Ethics of pet tarantulas

Lepidus

Arachnopeon
Joined
Mar 28, 2007
Messages
2
Hi,

I got my first tarantula, an A. avicularia about 3 years ago, and my second, a G. rosea, this month. I like them both a lot and have really enjoyed having them. I noticed that there is not much information on the web about the ethical side of catching and exporting some of these spiders.

I am thinking of popular pet animals (like box turtles which are from my area) whose numbers have declined because of being harvested for pets. I have read that pink-toed tarantulas are so common they even live on the eaves of people's houses, etc., doesn't seem like it does any harm to catch them. I read that the Chilean rose is normally wild caught and not bred in captivity, but it seems like their numbers are so high that seems okay too.

I guess I am asking, are there any ethical issues that people are aware of, like overharvesting, things of that nature? Or do we just not know, and trust that the countries that export them are ethical? I'm sure there are lots of knowledgeable people here, if anyone has any information on this subject, I'd appreciate it. Thanks!
 

Giantsfan24

Arachnosquire
Old Timer
Joined
Mar 28, 2007
Messages
95
Well here is a fact that is undeniable....equally sized CB will always cost more than a WC. Add to that the fact that many WC are adults(which newbs are more likely to buy) and you have a market for WC. Myself, I would only buy WC now if there were almost no CB or if the CB price is way too high.

Cobalt Blue T's are a great example. Many that you see for sale are WC adults and usually run about 30-50 bux depending where you get them. I knwo there are CB 3" thatyou can get for about the same price but most cb CBB go for more than that. Which will a person want? A full grown WC or a juvi/sub adult CB?

1 more thing. Forget about juvis, CB adults are very expenesive in most species. The price jump from a 3" to 5-6" is, IMO way to high. So if people want affordable adults, they often have to turn to WC.

Now as to the ethics of harvesting, I say as long as you leave enough to continue to breed and no damage the ecosystem, bring em in. Like a poster in one of the link Chesire provided said, at one time, ALL cb T.'s came from WC adults.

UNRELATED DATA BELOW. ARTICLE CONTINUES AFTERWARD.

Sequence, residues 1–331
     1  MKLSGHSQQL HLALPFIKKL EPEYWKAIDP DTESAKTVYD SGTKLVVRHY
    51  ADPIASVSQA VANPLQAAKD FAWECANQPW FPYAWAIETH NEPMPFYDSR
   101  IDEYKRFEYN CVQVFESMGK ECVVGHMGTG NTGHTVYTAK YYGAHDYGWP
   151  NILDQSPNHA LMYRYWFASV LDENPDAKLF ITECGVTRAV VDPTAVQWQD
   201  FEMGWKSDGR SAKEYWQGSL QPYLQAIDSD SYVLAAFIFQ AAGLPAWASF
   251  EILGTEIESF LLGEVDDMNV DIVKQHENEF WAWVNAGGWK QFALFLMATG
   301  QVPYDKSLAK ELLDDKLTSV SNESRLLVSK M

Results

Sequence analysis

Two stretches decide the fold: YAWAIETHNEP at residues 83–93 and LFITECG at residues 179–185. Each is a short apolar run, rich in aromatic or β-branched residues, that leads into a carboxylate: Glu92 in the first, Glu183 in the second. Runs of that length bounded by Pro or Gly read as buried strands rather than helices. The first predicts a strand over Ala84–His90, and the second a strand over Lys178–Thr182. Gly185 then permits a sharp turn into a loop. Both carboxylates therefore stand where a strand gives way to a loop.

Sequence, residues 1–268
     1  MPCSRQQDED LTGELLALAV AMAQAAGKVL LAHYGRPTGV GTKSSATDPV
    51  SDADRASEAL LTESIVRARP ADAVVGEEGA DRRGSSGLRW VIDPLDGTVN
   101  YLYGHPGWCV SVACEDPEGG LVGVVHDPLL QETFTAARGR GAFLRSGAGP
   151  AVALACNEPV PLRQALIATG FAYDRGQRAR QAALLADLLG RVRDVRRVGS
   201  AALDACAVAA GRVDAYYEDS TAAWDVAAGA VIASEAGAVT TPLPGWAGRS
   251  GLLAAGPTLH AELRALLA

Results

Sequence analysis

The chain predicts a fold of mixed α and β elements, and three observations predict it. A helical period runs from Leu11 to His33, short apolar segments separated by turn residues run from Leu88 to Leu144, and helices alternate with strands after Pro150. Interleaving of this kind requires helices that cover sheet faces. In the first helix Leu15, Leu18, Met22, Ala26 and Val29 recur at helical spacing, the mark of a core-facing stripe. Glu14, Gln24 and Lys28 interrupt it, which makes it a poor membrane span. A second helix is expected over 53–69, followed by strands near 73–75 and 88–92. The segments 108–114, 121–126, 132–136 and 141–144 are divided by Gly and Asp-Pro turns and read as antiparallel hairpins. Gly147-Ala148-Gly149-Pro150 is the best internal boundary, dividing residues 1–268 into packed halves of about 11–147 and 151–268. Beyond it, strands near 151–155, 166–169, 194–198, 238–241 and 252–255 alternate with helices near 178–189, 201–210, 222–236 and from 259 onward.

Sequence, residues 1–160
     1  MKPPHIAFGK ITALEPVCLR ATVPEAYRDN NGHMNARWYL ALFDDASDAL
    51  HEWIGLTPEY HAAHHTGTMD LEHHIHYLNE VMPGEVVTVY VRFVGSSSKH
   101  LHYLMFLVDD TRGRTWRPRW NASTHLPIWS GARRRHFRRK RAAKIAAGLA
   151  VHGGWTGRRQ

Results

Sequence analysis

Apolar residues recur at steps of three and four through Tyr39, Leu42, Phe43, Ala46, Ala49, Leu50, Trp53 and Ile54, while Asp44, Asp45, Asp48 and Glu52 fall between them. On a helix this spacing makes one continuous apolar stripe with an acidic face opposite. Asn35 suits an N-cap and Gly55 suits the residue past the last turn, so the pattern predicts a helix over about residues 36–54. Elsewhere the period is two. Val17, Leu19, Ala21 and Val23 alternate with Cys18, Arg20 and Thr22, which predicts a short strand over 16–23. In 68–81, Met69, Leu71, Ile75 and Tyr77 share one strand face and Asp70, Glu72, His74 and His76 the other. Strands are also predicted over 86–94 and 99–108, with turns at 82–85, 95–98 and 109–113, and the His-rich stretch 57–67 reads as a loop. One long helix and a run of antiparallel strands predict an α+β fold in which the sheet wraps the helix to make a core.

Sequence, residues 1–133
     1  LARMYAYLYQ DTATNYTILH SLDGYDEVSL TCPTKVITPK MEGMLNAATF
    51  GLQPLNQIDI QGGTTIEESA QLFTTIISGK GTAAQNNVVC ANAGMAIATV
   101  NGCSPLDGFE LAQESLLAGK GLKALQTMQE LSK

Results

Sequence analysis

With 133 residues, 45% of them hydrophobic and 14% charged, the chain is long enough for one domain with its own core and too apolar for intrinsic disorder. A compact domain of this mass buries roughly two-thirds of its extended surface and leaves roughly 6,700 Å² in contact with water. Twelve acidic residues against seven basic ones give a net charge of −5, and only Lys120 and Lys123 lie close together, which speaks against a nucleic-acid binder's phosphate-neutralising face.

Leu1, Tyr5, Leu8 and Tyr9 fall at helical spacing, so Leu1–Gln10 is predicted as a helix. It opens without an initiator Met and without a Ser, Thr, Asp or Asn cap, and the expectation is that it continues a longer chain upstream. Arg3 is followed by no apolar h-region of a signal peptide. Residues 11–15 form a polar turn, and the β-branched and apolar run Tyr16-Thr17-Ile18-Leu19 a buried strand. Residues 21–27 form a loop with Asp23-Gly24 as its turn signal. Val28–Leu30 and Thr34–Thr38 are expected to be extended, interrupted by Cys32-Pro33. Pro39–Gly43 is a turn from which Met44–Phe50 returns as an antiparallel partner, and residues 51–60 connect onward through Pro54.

Lepidus

Arachnopeon
Joined
Mar 28, 2007
Messages
2
That is very true and I have no problems with paying more for captive bred, or with a certain amount of gathering in order to start captive breeding.

The pink-toed t was a young guy when I got him. The G. rosea my husband bought me for our anniversary, and it is at about 3". I had decided not to buy any more myself until I had done some research. At any rate, I won't be getting any more that I'm not fairly sure are CB...it just does not seem right.

Thanks for the info and for the links. I couldn't get to the first one for some reason, but the other 2 were helpful. I had not even heard of CITES. Sad to see it looks like the rosea may be experiencing some problems, but hopefully that will change soon.
 

Mina

Arachnoking
Old Timer
Joined
Oct 4, 2005
Messages
2,136
I do have wc T's. I didn't know the difference when I first got into the hobby. Now that I do know the difference, I will not buy anything that is not cb, for two reasons. Number one, I don't like taking them from the wild, and I'm concerned about how they are treated during transport, and the overall affect on the area they are taken from, number two, there are health concerns with wc that you would not have with a cb, such as internal parasites.
 

phil jones

Arachnoprince
Old Timer
Joined
Dec 17, 2006
Messages
1,054
i never knowingly bought a w. c - t -as mina said it could have internal parasites:eek: :eek: so its c.b- t for me :clap: :clap: :worship: :worship: ;) ;) ---phil
 

Cheshire

Arachnoking
Old Timer
Joined
Jul 7, 2005
Messages
3,160
I wouldn't be so quick to say that WC is cheaper than CB. I estimate that when all is said and done, my collection is worth roughly twice what I spent on it. The only WC individuals on there are the H. lividium, E. pachypus, A. seemani and G. rosea.
 
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